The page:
The Park’s living world is very rich and diverse. It mainly originates from the Pliocene, when Fruška Gora was an island in the Pannonian Basin, which enabled the conservation of many Mediterranean and sub-Mediterranean species.
Forests cover 90% of the area of the National Park. Forests of linden, oak and beech are predominant here. More than 20 communities of clear and mixed oak and beech forests have been described, as well as geographic variants of thermophyllic forests with the Turkey oak, pubescent oak and the Hungarian oak. The most interesting are the sessile oak and hornbeam forests with butcher's-broom (Rusco-Querco-Carpinetum) and relict mixed oak forests with hop-hornbeam (Carpineto orientalis - Quercetum), which have sub-Mediterranean characteristics. The peripheral parts of the Fruška Gora loess plateau are overgrown with steppe vegetation of Festucion rupicolae alliance, which is rich in rare and relict species. This type of vegetation on Fruška Gora is of a somewhat more mesophyllic character compared to the typical steppes of Vojvodina.
The flora of Fruška gora consists of about 1500 plant species. More than 200 plants have the status of protected species in Serbia. In the group of tertiary relics stand out the spurge-laurel (Daphne laureola), the Russian hibiscus (Kitaibelia vitifolia) and the bellflower (Campanula lingulata), while among the xerothermic relics of the steppe the most interesting species are the Tartarian breadplant (Crambe tataria), greater pasqueflower (Pulsatilla vulgaris subsp. grandis), pheasant's eye (Adonis vernalis) and Sterbergia colchiciflora. More than 30 species of orchids (Orchidaceae) add up to the image of this natural resource, of which 18 species are of international importance.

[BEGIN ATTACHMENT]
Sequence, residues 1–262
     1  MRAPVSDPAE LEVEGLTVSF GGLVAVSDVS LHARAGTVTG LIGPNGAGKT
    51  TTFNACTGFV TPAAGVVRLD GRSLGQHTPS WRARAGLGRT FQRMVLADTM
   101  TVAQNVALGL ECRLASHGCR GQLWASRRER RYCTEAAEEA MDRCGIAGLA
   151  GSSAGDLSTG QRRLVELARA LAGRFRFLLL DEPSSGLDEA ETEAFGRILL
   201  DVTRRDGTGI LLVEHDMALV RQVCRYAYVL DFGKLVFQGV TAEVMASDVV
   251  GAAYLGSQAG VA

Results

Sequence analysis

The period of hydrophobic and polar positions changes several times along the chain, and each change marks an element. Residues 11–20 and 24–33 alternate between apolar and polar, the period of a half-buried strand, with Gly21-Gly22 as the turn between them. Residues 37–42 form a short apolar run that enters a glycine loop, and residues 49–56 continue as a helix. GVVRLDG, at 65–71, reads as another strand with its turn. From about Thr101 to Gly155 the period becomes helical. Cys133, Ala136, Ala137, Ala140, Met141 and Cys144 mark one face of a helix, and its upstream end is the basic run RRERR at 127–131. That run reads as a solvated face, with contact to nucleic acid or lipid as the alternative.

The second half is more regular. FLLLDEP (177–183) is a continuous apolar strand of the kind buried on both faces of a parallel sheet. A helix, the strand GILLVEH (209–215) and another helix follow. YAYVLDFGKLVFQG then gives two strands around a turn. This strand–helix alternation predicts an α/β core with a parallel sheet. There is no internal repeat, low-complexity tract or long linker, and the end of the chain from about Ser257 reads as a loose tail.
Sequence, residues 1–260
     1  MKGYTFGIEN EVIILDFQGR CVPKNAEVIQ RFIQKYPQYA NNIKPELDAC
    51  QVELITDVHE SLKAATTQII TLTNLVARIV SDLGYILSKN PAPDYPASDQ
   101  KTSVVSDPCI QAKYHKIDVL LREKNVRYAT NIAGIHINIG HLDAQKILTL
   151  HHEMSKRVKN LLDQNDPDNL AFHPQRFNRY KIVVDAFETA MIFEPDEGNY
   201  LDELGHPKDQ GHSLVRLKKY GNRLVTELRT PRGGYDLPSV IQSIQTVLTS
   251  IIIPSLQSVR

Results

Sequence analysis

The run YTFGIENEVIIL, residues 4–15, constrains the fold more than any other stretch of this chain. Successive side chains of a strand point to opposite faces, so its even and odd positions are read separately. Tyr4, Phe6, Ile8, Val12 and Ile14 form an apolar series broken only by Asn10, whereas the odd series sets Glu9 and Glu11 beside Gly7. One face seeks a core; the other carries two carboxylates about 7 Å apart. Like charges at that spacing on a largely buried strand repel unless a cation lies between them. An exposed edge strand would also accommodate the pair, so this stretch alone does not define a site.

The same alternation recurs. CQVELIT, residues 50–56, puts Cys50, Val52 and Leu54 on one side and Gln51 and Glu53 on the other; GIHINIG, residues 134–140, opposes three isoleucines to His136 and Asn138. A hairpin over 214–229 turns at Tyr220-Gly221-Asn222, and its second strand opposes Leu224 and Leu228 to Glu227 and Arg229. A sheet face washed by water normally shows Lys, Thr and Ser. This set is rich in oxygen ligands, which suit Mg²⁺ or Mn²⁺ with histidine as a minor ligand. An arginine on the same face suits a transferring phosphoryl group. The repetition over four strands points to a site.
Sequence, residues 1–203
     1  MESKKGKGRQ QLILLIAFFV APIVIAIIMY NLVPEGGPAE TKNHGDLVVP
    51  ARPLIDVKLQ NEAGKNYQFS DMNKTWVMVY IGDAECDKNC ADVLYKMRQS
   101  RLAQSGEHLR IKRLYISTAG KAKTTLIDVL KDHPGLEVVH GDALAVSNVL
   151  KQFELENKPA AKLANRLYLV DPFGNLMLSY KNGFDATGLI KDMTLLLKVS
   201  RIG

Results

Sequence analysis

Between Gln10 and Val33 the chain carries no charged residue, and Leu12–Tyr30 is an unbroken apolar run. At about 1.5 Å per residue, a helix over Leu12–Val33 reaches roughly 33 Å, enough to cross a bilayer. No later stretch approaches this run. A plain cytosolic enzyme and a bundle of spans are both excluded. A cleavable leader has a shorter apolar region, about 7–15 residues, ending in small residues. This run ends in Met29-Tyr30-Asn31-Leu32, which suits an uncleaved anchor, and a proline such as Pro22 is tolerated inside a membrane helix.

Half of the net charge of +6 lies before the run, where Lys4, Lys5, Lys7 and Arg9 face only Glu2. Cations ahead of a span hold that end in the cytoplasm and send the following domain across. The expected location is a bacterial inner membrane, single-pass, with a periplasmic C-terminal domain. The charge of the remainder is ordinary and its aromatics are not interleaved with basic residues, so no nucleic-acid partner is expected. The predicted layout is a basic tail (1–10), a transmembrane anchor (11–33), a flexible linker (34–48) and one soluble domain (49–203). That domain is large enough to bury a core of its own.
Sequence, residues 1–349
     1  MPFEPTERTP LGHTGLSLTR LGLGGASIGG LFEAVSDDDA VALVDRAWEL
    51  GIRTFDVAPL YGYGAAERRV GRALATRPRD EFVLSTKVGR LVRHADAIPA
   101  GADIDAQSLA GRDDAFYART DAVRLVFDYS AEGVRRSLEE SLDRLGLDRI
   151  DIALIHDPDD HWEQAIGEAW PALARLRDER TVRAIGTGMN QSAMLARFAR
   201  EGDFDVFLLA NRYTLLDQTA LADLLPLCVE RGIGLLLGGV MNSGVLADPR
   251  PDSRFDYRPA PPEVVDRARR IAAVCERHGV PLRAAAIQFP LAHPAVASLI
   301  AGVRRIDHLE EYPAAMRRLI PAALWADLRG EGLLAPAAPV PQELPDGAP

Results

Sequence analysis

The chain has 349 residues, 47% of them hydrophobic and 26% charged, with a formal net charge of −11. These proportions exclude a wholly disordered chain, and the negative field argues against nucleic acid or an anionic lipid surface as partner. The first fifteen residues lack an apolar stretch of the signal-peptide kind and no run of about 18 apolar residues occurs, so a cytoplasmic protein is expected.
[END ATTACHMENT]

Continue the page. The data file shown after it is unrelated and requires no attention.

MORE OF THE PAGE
Protected insect species such as stag beetle (Lucanus cervus), red wood ant (Formica rufa), great capricorn beetle (Cerambyx cerdo) and Alpine longhorn beetle (Rosalia alpina) are prominent in the rich fauna. The refugial habitats of Fruška Gora are home to Mediterranean and Atlantic species of hoverflies (Syrphidae) of an ancient Peri-Pannonian distribution.
Of the 13 species of amphibians and 11 species of reptiles, 14 species are on the World Red List of Threatened Species. The most endangered are fire salamander (Salamandra salamandra) and the common European viper (Vipera berus).